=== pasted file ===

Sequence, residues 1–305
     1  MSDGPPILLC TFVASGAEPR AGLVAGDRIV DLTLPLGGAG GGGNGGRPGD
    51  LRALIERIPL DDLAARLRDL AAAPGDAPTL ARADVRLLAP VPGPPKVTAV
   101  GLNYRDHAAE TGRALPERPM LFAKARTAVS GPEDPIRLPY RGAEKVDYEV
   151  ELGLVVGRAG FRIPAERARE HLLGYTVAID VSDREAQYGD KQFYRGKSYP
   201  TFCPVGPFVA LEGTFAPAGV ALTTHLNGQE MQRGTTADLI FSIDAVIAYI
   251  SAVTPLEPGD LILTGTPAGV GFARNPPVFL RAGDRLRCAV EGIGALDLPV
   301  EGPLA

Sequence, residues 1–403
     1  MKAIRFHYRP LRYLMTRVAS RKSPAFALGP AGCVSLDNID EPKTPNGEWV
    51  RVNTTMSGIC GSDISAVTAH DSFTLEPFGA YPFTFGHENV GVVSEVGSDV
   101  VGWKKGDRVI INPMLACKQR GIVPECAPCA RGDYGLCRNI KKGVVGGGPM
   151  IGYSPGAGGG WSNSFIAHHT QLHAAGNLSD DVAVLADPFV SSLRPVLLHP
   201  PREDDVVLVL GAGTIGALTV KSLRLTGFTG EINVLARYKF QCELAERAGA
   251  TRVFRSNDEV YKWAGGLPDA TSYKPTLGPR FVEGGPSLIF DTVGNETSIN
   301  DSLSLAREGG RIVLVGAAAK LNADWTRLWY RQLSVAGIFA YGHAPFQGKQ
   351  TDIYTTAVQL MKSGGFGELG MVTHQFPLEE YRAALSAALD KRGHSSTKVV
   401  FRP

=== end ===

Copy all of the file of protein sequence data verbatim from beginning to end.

Sequence, residues 1–305
     1  MSDGPPILLC TFVASGAEPR AGLVAGDRIV DLTLPLGGAG GGGNGGRPGD
    51  LRALIERIPL DDLAARLRDL AAAPGDAPTL ARADVRLLAP VPGPPKVTAV
   101  GLNYRDHAAE TGRALPERPM LFAKARTAVS GPEDPIRLPY RGAEKVDYEV
   151  ELGLVVGRAG FRIPAERARE HLLGYTVAID VSDREAQYGD KQFYRGKSYP
   201  TFCPVGPFVA LEGTFAPAGV ALTTHLNGQE MQRGTTADLI FSIDAVIAYI
   251  SAVTPLEPGD LILTGTPAGV GFARNPPVFL RAGDRLRCAV EGIGALDLPV
   301  EGPLA

Sequence, residues 1–403
     1  MKAIRFHYRP LRYLMTRVAS RKSPAFALGP AGCVSLDNID EPKTPNGEWV
    51  RVNTTMSGIC GSDISAVTAH DSFTLEPFGA YPFTFGHENV GVVSEVGSDV
   101  VGWKKGDRVI INPMLACKQR GIVPECAPCA RGDYGLCRNI KKGVVGGGPM
   151  IGYSPGAGGG WSNSFIAHHT QLHAAGNLSD DVAVLADPFV SSLRPVLLHP
   201  PREDDVVLVL GAGTIGALTV KSLRLTGFTG EINVLARYKF QCELAERAGA
   251  TRVFRSNDEV YKWAGGLPDA TSYKPTLGPR FVEGGPSLIF DTVGNETSIN
   301  DSLSLAREGG RIVLVGAAAK LNADWTRLWY RQLSVAGIFA YGHAPFQGKQ
   351  TDIYTTAVQL MKSGGFGELG MVTHQFPLEE YRAALSAALD KRGHSSTKVV
   401  FRP